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Type: Journal article
Title: On the emotional connection of medical specialists dealing with death and dying: a qualitative study of oncologists, surgeons, intensive care specialists and palliative medicine specialists
Author: Zambrano Ramos, S.
Chur-Hansen, A.
Crawford, G.
Citation: BMJ Supportive & Palliative Care, 2012; 2(3):270-275
Publisher: BMJ Group
Issue Date: 2012
ISSN: 2045-435X
Statement of
Sofia Carolina Zambrano, Anna Chur-Hansen and Brian Crawford
Abstract: OBJECTIVES: This paper reports on qualitative data exploring the experiences and coping mechanisms of medical specialists from the specialties of intensive care, surgery, oncology and palliative care, when dealing with death and dying and their emotional connection with dying patients in the context of a life-threatening illness. METHODS: Thirty-three semi-structured individual interviews were analysed using thematic analysis. RESULTS: One of the key themes of medical specialists' experiences with death and dying was their ambivalence about developing emotional connections with patients and families. Advantages of not engaging emotionally with patients were related to preserving objectivity in the decision making process, while a perceived disadvantage was the loss of the opportunity to engage in meaningful relationships that could positively influence patients, families and the medical specialist. Finding a balance in the face of ambivalence was a preferred approach and participants employed a variety of coping strategies. CONCLUSIONS: Participants took different positions about the emotional connection that should develop with their dying patients and their families. Although there was agreement about finding a balance between objectivity and connection, their strategies for achieving this seem to be subjective and prescribed by individual notions. By sharing perspectives and learning how other colleagues deal with similar issues, there is an opportunity for medical practitioners to develop a well-rounded approach to dealing with death and dying, which may enhance personal and professional relationships and may ultimately influence future generations of medical practitioners.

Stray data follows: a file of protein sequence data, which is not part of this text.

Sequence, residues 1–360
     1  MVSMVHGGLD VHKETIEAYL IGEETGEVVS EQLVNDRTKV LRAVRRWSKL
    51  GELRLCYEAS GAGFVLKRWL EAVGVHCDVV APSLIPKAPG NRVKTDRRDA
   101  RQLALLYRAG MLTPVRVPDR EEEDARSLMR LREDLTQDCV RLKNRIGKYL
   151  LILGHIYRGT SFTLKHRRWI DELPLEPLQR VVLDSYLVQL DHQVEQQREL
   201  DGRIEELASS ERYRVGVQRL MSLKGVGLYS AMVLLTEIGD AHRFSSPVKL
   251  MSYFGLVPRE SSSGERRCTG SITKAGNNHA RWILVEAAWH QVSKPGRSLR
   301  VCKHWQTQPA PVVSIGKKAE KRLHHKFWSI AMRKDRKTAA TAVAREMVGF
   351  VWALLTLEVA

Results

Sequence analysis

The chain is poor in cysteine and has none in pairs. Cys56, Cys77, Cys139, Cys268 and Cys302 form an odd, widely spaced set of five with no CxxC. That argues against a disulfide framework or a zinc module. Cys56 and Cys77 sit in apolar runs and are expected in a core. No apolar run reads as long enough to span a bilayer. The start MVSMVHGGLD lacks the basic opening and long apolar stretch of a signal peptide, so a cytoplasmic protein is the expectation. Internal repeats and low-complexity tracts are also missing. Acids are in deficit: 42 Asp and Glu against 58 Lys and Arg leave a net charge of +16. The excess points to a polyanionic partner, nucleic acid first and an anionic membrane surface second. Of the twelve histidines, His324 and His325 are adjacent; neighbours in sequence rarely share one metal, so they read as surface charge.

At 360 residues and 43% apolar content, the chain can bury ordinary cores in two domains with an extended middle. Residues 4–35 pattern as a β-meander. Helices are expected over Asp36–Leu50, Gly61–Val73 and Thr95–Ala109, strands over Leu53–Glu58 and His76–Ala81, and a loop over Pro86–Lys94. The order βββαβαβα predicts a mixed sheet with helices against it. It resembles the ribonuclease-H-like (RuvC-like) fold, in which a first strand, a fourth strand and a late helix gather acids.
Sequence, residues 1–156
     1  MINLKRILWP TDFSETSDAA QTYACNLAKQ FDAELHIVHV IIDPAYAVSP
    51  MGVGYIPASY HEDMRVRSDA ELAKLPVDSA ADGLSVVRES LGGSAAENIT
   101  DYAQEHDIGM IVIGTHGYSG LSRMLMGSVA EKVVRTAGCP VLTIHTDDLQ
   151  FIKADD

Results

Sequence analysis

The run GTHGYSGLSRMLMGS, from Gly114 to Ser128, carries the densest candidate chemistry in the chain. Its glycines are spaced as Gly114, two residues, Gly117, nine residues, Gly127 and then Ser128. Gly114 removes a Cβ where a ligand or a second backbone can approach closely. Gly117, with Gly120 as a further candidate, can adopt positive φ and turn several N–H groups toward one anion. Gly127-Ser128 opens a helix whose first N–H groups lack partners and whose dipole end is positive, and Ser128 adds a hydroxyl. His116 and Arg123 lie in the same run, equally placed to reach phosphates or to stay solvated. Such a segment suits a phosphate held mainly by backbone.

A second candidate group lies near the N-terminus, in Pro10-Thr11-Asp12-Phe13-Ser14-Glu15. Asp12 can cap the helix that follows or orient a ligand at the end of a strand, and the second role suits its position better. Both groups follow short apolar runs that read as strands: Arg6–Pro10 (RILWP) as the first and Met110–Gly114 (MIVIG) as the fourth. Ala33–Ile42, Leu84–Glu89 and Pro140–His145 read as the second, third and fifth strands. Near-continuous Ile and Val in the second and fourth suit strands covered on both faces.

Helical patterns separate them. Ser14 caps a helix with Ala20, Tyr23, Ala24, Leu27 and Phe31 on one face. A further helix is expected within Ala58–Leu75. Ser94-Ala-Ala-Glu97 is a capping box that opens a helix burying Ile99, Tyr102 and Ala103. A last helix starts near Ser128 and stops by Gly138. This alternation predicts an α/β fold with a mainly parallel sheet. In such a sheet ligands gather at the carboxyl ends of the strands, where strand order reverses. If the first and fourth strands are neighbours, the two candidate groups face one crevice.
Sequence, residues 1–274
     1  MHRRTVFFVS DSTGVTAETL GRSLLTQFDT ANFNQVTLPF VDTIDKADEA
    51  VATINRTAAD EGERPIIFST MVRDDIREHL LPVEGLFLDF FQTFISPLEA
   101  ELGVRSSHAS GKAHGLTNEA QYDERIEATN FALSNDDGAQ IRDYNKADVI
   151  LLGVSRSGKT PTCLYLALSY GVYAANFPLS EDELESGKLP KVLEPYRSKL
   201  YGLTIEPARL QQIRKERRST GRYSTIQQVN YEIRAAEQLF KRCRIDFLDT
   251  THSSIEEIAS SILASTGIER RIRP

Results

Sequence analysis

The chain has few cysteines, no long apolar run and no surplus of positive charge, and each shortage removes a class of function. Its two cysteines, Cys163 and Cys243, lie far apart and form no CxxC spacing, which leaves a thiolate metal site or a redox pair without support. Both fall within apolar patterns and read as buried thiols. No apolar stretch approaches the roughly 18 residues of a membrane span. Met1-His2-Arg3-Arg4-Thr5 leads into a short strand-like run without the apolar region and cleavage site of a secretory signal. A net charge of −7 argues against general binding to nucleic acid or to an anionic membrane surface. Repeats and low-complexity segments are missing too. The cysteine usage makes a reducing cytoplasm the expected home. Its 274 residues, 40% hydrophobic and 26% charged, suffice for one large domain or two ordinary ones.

Keywords: Humans; Death; Intensive Care; Palliative Care; Adaptation, Psychological; Attitude of Health Personnel; Social Distance; Emotions; Empathy; Family; Adult; Middle Aged; Physicians; Female; Male; Surgeons; Palliative Medicine
Rights: Copyright © 2013 BMJ Publishing Group Ltd
RMID: 0020124116
DOI: 10.1136/bmjspcare-2012-000208
Appears in Collections:Medicine publications

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